FIG. 8 shows processing to be performed for a combination of mountain-climbing AF with correlation operation. In the drawing, the horizontal axis represents a focus position, and the vertical axis represents a contrast evaluation value of an image formed on the second image sensor 14. When the focus position of the second image sensor 14 is P1 upon commencement of processing, a contrast evaluation value FVth, which can be subjected to correlation operation, has not yet been achieved, and therefore focus is coarsely adjusted by performing mountain-climbing AF. Specifically, detection of the edge of the image on the second image sensor 14 is first performed, to thus compare the obtained contrast evaluation value with the predetermined reference value FVth. When the detected contrast evaluation value has not yet come to the reference value FVth, mountain-climbing AF processing is performed, to thus coarsely adjust focus. Photographing and contrast evaluation are repeatedly performed (TTL and mountain-climbing AF), and mountain-climbing AF is terminated at a point in time when the contrast evaluation value has reached the reference value FVth (position P2 in the drawing). In subsequent steps, correlation operation is executed to thus compute a distance to the subject, and the zoom lens 3 is controlled to a focus position (position P3 in the drawing).

Although in the present embodiment a lateral phase difference is computed through correlation operation, correlation operation may be executed by dividing an image into two-dimensional areas. Thereby, a feature of the image is captured in a scene, such as a repeated pattern or the like, where the feature cannot be computed by means of the phase-difference method, thereby enabling accurate measurement of a distance.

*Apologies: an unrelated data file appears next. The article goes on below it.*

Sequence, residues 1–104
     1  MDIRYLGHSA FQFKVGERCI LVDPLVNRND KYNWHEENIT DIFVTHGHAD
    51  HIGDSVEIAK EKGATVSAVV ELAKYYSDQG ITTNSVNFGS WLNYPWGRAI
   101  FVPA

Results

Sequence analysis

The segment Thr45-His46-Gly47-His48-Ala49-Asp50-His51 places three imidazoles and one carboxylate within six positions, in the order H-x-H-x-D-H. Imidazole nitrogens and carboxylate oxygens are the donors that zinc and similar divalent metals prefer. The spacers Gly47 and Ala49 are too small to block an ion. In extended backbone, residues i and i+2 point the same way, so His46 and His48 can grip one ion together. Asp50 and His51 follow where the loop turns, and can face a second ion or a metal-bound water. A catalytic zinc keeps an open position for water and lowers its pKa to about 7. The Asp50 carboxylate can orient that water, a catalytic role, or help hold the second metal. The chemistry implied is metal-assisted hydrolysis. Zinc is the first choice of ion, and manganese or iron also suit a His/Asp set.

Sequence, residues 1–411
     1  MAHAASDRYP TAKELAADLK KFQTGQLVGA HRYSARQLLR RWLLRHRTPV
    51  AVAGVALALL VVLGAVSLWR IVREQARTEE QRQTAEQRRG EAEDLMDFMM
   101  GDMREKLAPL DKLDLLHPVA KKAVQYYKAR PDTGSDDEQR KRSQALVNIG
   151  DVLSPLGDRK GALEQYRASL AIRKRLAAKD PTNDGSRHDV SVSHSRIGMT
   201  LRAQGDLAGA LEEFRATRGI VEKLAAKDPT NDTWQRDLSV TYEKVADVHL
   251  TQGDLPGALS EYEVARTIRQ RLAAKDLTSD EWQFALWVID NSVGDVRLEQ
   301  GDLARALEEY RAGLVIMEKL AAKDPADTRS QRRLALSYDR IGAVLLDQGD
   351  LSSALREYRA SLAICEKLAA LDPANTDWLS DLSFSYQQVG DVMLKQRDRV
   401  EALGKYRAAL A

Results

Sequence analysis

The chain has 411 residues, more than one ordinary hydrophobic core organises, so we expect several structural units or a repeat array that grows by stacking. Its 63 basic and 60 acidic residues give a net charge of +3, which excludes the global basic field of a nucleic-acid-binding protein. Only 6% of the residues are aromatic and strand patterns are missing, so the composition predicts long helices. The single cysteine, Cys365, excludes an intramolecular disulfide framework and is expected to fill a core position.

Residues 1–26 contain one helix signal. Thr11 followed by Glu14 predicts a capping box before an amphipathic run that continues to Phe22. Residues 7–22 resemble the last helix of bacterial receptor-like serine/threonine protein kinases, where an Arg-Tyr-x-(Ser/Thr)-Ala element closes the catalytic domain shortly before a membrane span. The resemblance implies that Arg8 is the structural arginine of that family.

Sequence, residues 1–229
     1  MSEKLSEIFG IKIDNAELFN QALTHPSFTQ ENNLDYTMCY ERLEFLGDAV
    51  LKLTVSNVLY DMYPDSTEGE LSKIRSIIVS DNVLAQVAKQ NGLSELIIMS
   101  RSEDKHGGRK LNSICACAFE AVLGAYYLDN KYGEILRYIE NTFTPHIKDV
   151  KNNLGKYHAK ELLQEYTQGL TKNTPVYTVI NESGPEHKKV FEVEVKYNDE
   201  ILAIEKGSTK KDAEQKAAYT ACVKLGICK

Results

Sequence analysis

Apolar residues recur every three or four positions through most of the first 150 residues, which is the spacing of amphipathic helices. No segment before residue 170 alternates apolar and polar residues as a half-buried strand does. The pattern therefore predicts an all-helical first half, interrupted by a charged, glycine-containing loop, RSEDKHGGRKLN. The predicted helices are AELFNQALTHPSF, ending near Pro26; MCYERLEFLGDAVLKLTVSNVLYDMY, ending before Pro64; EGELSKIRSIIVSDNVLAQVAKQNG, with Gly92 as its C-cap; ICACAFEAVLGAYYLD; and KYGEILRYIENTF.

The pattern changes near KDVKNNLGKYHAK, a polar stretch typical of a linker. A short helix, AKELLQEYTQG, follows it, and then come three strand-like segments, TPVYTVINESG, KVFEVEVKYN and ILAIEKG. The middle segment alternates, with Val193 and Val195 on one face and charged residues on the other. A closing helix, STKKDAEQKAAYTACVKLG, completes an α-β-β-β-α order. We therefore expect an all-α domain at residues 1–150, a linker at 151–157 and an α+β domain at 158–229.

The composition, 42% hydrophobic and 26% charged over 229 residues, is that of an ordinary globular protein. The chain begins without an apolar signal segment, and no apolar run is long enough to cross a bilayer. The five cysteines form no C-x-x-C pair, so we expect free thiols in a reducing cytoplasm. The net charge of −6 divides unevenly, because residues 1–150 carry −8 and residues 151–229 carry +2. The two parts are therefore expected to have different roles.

FIG. 9 shows a case where a person wearing a shirt with vertical lines is taken as a subject. In such a scene, when lateral correlation is determined in, e.g., area A of the drawing, false recognition arises in detection of a phase difference, which is performed by detection of a difference, because of repetition of stripes. In this case, a plurality of peaks of the absolute value of a difference exist as correlation values, and the subject can be deemed to have a repeated pattern. As in area B in the drawing, on the assumption that an area to be measured is two-dimensional, lateral and longitudinal correlation is determined. FIG. 9 shows only one of the two image capturing optical systems. However, the area B is simultaneously detected in the other image, and correlation operation of the area is executed in relation to the lateral and longitudinal directions. The degree of a difference between the areas B captured by the two image capturing optical systems may be detected by means of pattern matching.

In a case where subjects are present at a plurality of distances when two-dimensional correlation operation is performed, an area to be measured is provided in numbers within the screen, so that optimum photographing becomes feasible.

FIG. 10 shows an example of the scene where a plurality of subjects are present. Contrast evaluation values are computed from all areas, to thus determine whether or not the contrast evaluation values are greater than a reference value. There are selected areas whose contrast evaluation values are determined to be greater than the reference value and which are determined to enable correlation operation, and a distance to the subject is computed in relation to the thus-selected areas by means of correlation operation. FIG. 10 shows a case where area C and area D are determined to be measured. Contrast data pertaining to the selected areas C and D are computed from the two image capturing optical systems, and correlation operation and computation of a distance to the subject are performed. Of the computed values, the value showing the closest distance is set as a photographing distance, so that photographing matching a photographer's intention becomes practicable.